In the first and admittedly direct fallout of the seventh pay commission among other issues, the Indian Navy (IN) has admitted to a ‘spike’ witnessed this year in the number of its officers wanting to resign or seek Premature Retirement (PR). Data shows it is the highest in the last seven years.
In a leaked note accessed by correspondent, Commodore Rajesh Dhankar, Principal Director of Personnel, Indian Navy, predicted a continuation in the present trend of ‘increase in the number of PR requests’.
To ‘manage the change’, the Navy is considering a slew of steps. A dialogue has been initiated between the naval headquarters and the three commands in Mumbai, Vizag and Kochi. Those within the force are seeing this move as a tightening of stance, aimed at stemming the flow and making it more difficult for officers to exit.
The cause, according to sources, is the seventh pay commission, the implementation of which was notified in July this year.
There has been widespread criticism of the provisions by the Defence veterans. The three service chiefs too have represented against many of its clauses before the Prime Minister and the Defence Minister. Insiders believe the provisions to be ‘hurtful’ and say ‘they do not help the cause of attracting the best talent’. As a measure of the resistance to the pay commission, Defence Minister Manohar Parrikar had claimed he would ensure the deletion of its recommendations, a move which has not yielded till now.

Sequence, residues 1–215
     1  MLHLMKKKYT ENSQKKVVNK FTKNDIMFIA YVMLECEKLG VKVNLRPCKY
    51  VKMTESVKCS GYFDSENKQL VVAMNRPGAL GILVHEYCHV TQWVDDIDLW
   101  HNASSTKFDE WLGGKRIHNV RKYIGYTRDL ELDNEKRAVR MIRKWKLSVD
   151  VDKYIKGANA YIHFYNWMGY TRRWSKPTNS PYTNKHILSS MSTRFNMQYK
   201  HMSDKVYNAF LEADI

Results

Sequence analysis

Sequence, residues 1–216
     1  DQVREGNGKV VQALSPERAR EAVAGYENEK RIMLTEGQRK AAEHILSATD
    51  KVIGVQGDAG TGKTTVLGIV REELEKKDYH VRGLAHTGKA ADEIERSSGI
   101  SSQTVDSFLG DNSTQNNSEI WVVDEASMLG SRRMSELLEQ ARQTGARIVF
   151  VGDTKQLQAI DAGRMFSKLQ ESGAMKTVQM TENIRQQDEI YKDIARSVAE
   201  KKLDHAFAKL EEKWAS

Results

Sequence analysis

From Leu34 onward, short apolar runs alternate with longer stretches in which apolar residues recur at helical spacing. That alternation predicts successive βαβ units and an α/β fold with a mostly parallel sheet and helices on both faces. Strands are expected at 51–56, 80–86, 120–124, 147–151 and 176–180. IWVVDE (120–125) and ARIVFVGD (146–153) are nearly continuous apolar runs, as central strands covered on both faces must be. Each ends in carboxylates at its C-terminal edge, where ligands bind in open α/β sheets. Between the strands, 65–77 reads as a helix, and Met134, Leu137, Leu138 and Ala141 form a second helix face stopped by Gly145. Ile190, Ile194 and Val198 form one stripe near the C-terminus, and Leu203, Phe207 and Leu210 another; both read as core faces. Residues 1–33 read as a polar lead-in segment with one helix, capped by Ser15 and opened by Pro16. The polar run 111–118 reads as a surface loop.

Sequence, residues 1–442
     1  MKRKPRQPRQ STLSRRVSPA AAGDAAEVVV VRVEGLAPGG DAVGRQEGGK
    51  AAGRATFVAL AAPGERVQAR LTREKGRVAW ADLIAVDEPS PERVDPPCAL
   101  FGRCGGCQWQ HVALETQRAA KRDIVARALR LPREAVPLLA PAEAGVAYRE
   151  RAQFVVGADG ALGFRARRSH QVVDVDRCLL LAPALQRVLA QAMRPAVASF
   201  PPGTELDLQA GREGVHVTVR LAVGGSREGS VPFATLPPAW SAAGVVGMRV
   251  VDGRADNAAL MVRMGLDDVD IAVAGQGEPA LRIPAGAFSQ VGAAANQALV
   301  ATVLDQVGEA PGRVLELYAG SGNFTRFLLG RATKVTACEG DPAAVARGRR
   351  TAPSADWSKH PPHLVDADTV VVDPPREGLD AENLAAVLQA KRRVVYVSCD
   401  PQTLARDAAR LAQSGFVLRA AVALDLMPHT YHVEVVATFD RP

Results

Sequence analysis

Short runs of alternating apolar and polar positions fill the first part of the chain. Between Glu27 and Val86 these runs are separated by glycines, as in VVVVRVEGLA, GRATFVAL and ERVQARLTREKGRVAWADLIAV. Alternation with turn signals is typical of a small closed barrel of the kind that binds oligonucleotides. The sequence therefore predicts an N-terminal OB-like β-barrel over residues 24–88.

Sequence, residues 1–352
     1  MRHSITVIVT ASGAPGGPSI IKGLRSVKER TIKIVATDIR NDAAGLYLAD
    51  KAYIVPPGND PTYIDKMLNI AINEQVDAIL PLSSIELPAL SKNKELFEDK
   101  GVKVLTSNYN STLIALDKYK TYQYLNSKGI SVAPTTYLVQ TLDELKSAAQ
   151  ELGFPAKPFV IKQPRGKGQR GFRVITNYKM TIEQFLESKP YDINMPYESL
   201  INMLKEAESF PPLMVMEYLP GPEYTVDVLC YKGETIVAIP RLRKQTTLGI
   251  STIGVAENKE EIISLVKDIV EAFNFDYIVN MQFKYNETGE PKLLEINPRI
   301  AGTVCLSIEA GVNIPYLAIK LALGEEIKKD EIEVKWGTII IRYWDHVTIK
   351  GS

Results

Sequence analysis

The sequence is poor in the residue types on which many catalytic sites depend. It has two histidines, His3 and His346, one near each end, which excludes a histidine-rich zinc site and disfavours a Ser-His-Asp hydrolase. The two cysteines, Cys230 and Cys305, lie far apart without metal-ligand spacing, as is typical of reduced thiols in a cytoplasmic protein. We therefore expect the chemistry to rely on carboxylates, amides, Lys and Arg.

Navy’s data shows till date, in the current year, 135 cases of PR have been received. Compare this to 69 cases in 2015, 91 in 2014, 96 in 2013, 132 in 2012, 122 in 2011, 114 in 2010 and 125 in 2009 and the situation speaks for itself.
WHAT THE NOTE SAYS
According to the two-page note, another factor which is contributing to the exodus is the aspect of officers being ‘u-graded in the 20th year of service’, a reference to those who’ve missed their promotions (ranks in the armed forces) after going through three boards for promotions. It also states, “The present system of granting PR to officers has been working well since the number of officers opting out of service has been equal to or marginally more than the calculated PR exits”.
Navy is now looking to set up an ‘Annual PR Board’ to balance the exits with requirements on the field. Under the new system, if finalised, outgoing officers will have to apply by March 31 for resigning in the subsequent year i.e if they wish to exit anytime in 2018, they’d have to apply by March 31, 2017. In the month of May, the Annual PR Board would consider these requests and come out with a list of approved resignations by July.